It may say 2015 on the calendar, but one neighborhood in Alabama seems stuck in 1965.
Limestone County resident Terry Turner was celebrating the new year with her granddaughter last week when she heard a violent crash in front of her home. She checked her front room, only to see three of her windows broken by rocks. When police arrived, Turner was horrified to see the windows weren't the only thing the vandals had targeted.
"I don't hate whoever did this," Turner told WHNT News. "I just don't understand it."
In huge block letters, the words "Move N**ger Now" were clearly visible on the garage door in her driveway, an especially painful act of property damage. Having lived in the home for eight years, Turner told reporters that she has experienced people yelling the slur at her from passing cars, but she never thought it would get this bad.
"For people to just be hated because of the color of their skin is unacceptable," she said. "This is my home. I'm free to live wherever I want to live."
Police are investigating the incident as criminal mischief and not as a hate crime. According to WAFF, this is because they don't yet know who the vandals are or their motivations. What is for sure is that Turner spent what should have been a relaxing holiday cleaning up damage and installing security cameras around her home.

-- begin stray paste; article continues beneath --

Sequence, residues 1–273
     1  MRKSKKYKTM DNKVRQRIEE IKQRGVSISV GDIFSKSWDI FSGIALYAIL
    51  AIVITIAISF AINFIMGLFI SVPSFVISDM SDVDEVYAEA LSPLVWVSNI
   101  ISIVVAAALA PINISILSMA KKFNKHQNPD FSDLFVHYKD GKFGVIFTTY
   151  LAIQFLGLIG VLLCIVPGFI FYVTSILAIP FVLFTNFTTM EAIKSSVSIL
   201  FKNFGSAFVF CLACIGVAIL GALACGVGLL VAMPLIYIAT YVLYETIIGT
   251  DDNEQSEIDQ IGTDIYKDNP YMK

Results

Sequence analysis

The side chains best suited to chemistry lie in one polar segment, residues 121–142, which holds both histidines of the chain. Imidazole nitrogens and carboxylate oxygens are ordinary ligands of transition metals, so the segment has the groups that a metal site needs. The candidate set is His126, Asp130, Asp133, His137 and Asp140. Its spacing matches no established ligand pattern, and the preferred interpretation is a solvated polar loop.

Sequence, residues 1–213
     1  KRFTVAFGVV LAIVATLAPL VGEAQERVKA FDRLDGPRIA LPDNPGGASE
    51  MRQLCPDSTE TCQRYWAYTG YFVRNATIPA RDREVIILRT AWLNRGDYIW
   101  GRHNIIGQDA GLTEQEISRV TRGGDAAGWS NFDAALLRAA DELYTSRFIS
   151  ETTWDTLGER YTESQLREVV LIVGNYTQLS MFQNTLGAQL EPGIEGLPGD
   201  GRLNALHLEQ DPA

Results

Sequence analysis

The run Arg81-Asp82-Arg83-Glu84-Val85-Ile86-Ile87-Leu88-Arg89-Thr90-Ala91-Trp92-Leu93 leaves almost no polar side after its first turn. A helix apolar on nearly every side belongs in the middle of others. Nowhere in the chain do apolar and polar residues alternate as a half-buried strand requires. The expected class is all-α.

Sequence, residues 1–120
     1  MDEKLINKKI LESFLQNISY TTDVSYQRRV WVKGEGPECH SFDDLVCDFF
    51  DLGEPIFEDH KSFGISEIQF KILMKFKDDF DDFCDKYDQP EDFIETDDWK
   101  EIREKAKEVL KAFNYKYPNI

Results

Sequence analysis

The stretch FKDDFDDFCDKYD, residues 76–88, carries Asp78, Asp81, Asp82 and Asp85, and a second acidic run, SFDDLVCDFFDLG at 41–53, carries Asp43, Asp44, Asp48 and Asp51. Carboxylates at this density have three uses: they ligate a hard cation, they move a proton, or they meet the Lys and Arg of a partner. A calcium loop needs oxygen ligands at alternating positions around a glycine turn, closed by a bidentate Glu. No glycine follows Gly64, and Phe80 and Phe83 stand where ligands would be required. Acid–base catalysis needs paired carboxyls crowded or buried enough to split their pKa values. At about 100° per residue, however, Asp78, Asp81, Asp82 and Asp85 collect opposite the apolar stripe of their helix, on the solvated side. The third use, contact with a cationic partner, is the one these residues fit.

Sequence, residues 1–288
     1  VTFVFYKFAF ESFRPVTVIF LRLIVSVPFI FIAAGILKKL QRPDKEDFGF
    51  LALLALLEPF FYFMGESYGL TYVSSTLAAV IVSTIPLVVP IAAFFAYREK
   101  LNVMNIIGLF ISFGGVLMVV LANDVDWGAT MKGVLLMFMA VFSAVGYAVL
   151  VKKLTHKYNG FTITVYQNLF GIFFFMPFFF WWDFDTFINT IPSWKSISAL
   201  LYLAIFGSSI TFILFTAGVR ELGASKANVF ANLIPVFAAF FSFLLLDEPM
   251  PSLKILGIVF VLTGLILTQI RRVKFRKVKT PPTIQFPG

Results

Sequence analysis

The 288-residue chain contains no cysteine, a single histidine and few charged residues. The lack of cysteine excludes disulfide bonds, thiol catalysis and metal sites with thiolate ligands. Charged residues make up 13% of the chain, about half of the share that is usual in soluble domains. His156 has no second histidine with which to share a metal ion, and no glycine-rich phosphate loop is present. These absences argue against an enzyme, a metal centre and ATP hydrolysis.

Regardless of who the culprits are, this display of overt racism and intimidation is nothing new to the black community, which has long struggled simply to live in the neighborhoods of its choice. When not being threatened physically, minorities also fall victim to more insidious societal prejudice, including housing discrimination and segregation.
In the face of such ignorance, however, Turner is so far standing strong. Some of Turner's other neighbors have also stepped up in order to show the family that she is not alone. One good Samaritan dropped by with a $50 gift card to help with restoration efforts, according to the news station, and another family launched a GoFundMe page that has so far raised $1,000.
Ultimately, this Alabama grandmother has a message for the people who attacked her home: "I'm not going anywhere."
And she certainly shouldn't have to.